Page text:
Granite pavement embellishment on the Stone Jetty, Morecambe.
There are number these whimsical bird plaques with beautiful lettering created by Gordon Young and Russell Coleman.
|SMS Augsberg (photo from Europeana)|
"In reply to a 12 hours ultimatum from Germany (expiring at 7 am), Belgium refuses to allow passage of German troops through her territory and King Albert sends "supreme appeal" to Kind George. German troops envelope Visé (which was afterwards burnt). General Joffre, French Commander-in-Chief, leaves Paris for the French frontier. Grand Duke Nicholas appointed Generalissimo of Russian Army. Australia offers 20,000 men. Sir Edward Grey's speech in the House of Commons. British naval mobilisation complete. Moratorium Bill passed. Bank holiday extended to August 7th". 'Our Diary of the War' War Illustrated.
"At Scarborough and Whitby crowds idled beside the sunlit waters of the North Sea, little dreaming that German battle cruisers were already contemplating bombardment of that particular coast-line. And on the other side of the North Sea the same scenes were to be witnessed. At Ostend, gay Continental crowds lounged along the plage. The Casinos were full, dance halls were crowded, orchestral concerts were drawing their huge crowds. Europe, generally, was prosperous and happy. It had been a good year for the crops, and everyone from Calais to Constantinople was looking forward to a bumper harvest....Life at that time for the common people of the Continent was simple and pleasant. Never again while they lived would they ever feel as secure"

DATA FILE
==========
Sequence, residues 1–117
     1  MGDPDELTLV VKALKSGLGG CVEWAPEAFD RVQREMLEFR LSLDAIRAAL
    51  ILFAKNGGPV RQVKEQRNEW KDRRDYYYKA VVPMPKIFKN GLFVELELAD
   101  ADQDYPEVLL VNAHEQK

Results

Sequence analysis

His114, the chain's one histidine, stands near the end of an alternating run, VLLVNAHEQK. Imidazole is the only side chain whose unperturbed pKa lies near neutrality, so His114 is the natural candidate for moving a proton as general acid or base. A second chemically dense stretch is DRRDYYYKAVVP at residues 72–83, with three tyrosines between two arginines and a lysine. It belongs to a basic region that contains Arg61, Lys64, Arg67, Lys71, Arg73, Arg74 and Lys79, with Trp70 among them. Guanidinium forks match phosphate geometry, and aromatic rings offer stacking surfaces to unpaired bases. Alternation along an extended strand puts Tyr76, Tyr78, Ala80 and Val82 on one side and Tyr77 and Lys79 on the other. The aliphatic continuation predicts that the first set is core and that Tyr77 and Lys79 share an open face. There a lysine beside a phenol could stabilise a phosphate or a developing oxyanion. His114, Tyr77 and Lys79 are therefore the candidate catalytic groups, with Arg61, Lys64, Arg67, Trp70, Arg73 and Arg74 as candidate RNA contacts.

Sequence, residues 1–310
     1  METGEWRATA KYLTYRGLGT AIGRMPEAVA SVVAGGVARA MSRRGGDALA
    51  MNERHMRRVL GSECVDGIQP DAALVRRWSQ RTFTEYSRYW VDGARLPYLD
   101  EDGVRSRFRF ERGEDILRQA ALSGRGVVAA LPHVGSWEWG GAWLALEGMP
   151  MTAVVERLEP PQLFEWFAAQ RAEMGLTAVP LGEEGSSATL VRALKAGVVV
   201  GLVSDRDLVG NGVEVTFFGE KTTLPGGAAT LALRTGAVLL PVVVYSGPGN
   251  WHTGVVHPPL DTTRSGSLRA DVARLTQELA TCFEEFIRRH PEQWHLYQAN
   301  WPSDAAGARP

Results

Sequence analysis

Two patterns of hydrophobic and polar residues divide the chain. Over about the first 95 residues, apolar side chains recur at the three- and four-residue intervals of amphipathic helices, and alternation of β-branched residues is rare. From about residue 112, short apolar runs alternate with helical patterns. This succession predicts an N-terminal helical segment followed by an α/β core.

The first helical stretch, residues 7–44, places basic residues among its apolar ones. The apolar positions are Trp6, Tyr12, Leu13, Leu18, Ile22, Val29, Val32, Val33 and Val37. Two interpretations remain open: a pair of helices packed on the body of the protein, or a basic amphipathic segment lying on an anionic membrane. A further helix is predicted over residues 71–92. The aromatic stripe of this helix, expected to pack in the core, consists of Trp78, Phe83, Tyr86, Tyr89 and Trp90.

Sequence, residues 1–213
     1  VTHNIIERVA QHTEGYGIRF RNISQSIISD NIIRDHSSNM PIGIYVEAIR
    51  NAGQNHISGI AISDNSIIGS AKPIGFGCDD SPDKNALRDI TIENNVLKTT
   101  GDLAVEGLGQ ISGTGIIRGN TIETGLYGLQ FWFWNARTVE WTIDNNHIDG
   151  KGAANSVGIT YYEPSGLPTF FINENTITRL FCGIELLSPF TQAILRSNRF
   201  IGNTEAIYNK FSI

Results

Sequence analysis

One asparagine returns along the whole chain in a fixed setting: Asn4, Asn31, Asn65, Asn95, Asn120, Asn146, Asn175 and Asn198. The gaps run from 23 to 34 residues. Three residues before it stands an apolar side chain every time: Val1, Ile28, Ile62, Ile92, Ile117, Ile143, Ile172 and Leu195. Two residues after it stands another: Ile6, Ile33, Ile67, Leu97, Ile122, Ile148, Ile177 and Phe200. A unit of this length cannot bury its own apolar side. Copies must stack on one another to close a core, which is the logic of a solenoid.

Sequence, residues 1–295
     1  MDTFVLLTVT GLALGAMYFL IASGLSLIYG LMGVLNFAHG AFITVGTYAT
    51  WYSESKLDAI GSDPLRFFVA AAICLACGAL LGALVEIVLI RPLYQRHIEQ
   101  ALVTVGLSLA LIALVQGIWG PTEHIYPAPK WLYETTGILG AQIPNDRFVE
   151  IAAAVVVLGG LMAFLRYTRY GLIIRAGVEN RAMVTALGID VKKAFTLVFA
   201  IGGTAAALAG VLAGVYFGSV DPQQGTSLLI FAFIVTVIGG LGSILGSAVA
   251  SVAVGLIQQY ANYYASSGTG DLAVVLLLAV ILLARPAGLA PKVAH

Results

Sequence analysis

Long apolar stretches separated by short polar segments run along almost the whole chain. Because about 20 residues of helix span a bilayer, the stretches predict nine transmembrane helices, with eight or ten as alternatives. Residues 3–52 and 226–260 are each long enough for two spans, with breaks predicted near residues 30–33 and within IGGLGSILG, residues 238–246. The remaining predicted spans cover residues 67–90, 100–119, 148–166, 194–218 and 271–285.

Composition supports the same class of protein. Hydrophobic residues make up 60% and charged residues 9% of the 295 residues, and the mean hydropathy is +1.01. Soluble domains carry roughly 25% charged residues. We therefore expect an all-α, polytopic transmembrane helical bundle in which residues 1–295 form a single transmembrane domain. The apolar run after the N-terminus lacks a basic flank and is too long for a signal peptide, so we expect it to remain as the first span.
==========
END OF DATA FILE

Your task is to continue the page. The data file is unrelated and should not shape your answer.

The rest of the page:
"What will the future be like, when the billions now thrown away in preparation for war are spent on useful things to increase the well-being of people, on the construction of decent houses for workers, on improving transportation, on reclaiming the land? The fever of imperialism has become a sickness. It is the disease of a badly run society which does not know how to use its energies at home."-- Jean JaurèsWhich brings us to today 100 years ago and the War Illustrated note of the day
"A long message from Berlin to the effect that the German Ambassador's efforts for peace have been suddenly arrested and frustrated by teh Czar's decree for complete Russian mobilisation. We all set to work to draft a personal appeal from the King to the Czar. When we had settled it, I called a taxi and, in company with Tyrrell, (I presume this refers to Sir William Tyrrell, Sir Edward Grey's private secretary) drove to Buckingham Palace by about 1.30 am. The king was hauled out of his bed and one of my strangest experiences was sitting with him, clad in a dressing gown while I read the message from Berlin and the proposed answer The text was as follows: 'I cannot help thinking that some great misunderstanding has produced this deadlock. I am most anxious not to miss any possibility of avoiding the terrible calamity which at present threatens the whole world. I therefore make a personal appeal to you'Forces had been set in motion which nobody could stop.
The czar promptly replied:
"I would have gladly accepted your proposal had not the German Ambassador this afternoon presented a note to my Government declaring war".